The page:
The application notes include recommended starting dilutions; optimal dilutions/concentrations should be determined by the end user.
- First try to dissolve a small amount of peptide in either water or buffer. The more charged residues on a peptide, the more soluble it is in aqueous solutions. - If the peptide doesn’t dissolve try an organic solvent e.g. DMSO, then dilute using water or buffer. - Consider that any solvent used must be compatible with your assay. If a peptide does not dissolve and you need to recover it, lyophilise to remove the solvent. - Gentle warming and sonication can effectively aid peptide solubilisation. If the solution is cloudy or has gelled the peptide may be in suspension rather than solubilised. - Peptides containing cysteine are easily oxidised, so should be prepared in solution just prior to use.
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Preparation and Storage
Stability and Storage
Shipped at 4°C. Upon delivery aliquot and store at -20°C or -80°C. Avoid repeated freeze / thaw cycles.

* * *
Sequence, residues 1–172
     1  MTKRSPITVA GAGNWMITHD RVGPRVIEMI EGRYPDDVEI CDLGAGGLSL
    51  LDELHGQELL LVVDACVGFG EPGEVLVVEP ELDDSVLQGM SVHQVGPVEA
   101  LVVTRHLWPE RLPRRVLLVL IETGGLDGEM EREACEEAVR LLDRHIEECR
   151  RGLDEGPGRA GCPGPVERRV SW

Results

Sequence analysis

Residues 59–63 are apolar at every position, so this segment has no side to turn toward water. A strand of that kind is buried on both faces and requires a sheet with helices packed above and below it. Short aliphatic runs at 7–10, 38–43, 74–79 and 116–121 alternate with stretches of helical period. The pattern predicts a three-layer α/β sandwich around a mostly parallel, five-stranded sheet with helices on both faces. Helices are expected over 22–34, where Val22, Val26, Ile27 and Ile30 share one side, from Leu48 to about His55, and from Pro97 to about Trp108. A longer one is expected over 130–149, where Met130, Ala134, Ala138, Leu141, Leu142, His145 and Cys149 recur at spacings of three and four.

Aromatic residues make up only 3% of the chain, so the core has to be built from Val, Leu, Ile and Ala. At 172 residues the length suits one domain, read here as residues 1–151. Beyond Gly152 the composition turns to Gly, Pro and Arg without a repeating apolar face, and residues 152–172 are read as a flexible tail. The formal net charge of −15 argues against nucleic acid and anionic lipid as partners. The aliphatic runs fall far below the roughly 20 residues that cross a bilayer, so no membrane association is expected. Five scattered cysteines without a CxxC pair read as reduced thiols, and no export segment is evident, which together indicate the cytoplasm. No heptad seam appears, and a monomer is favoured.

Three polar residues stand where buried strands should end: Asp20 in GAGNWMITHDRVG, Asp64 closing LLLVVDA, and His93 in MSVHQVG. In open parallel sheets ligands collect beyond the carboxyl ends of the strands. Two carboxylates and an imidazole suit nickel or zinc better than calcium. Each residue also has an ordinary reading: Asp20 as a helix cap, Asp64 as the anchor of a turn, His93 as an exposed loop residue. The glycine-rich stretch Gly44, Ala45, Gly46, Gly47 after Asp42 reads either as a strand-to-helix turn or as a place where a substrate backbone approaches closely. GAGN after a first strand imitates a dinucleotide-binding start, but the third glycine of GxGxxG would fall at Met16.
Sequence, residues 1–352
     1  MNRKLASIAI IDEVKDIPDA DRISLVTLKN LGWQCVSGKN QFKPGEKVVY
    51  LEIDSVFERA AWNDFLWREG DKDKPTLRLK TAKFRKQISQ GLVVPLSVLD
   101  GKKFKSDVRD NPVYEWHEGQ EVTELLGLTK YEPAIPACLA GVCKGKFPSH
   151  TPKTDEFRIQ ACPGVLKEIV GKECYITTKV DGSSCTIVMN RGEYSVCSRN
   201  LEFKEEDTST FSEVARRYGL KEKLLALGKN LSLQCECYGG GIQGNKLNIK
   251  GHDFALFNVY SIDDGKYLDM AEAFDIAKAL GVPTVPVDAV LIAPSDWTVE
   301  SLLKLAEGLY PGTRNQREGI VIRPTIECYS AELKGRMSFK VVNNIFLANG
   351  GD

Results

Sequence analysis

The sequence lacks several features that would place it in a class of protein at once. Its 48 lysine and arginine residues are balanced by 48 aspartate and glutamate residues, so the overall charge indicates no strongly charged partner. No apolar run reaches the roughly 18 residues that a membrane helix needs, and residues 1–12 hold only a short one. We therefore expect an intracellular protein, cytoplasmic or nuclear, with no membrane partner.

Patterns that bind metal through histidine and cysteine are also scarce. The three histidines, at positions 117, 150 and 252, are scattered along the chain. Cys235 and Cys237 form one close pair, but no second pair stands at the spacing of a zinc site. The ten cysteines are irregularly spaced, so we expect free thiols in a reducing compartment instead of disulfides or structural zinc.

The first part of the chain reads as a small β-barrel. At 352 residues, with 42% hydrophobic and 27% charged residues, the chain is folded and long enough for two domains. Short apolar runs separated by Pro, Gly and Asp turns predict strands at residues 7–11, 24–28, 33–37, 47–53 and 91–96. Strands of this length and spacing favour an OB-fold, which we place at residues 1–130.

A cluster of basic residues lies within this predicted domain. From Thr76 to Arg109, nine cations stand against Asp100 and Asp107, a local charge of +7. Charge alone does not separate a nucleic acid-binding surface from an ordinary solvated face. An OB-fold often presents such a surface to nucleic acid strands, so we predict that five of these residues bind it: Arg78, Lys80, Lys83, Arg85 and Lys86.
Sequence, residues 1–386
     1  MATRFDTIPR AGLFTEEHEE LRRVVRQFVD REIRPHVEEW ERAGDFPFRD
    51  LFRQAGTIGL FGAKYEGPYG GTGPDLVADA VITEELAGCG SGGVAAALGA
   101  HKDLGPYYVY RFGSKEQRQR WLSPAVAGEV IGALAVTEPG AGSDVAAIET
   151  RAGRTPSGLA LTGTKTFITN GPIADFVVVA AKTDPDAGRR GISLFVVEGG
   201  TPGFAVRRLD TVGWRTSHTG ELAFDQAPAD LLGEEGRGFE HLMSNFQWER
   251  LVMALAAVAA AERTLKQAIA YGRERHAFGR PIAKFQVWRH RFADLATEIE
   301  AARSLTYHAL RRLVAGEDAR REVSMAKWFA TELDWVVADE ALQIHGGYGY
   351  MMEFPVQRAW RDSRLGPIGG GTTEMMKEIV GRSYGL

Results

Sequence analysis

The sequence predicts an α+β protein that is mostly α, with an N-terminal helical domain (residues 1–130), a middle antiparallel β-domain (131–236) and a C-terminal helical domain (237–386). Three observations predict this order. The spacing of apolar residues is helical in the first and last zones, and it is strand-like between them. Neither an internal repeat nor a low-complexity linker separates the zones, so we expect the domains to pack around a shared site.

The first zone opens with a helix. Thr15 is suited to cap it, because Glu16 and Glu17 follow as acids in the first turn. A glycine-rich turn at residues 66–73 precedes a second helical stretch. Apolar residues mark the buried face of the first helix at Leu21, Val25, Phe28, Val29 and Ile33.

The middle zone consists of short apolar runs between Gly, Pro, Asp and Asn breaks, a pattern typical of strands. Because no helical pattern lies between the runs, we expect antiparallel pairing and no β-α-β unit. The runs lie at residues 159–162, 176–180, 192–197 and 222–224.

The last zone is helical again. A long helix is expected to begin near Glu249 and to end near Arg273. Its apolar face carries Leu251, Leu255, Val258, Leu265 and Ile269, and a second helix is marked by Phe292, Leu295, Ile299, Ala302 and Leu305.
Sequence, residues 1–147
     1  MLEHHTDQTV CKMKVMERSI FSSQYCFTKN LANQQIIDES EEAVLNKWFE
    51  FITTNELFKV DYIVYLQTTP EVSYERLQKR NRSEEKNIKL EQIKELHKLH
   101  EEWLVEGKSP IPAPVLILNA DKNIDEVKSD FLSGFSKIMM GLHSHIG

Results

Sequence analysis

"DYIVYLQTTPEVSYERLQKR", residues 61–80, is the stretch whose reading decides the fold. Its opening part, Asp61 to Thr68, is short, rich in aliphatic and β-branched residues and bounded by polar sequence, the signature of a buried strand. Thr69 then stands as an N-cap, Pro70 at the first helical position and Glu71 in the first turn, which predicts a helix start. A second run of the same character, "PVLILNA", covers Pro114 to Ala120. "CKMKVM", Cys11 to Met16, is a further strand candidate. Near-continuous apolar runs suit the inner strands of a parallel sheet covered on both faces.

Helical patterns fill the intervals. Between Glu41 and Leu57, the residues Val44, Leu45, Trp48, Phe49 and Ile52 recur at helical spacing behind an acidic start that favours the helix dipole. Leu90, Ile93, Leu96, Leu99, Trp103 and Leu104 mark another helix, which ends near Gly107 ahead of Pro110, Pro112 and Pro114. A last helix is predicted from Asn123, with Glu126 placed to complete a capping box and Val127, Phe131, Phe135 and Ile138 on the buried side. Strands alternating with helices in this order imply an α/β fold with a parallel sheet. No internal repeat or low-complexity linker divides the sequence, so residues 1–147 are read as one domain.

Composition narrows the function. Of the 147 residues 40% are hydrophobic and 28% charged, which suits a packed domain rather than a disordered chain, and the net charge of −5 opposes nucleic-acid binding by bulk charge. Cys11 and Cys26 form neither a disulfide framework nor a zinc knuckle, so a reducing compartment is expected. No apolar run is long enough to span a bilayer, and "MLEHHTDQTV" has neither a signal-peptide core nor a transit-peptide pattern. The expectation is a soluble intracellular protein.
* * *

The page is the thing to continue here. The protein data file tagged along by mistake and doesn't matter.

Information available upon request.
Complement component 5
C5 is synthesised in the liver as a single polypeptide chain. Before secretion the molecule is glycosylated and secreted into plasma as a 190kDa glycoprotein consisting of a disulphide linked alpha-chain (115kDa) and beta-chain (75kDa).
C5 precursor is first processed by the removal of 4 basic residues, forming two chains, beta and alpha, linked by a disulfide bond. C5 convertase activates C5 by cleaving the alpha chain, releasing C5a anaphylatoxin and generating C5b (beta chain + alpha' chain).
has not yet been referenced specifically in any publications.
Publishing research using ab46169? Please let us know so that we can cite the reference in this datasheet.
Customer reviews and Q&As
Please note: All products are "FOR RESEARCH USE ONLY AND ARE NOT INTENDED FOR DIAGNOSTIC OR THERAPEUTIC USE"
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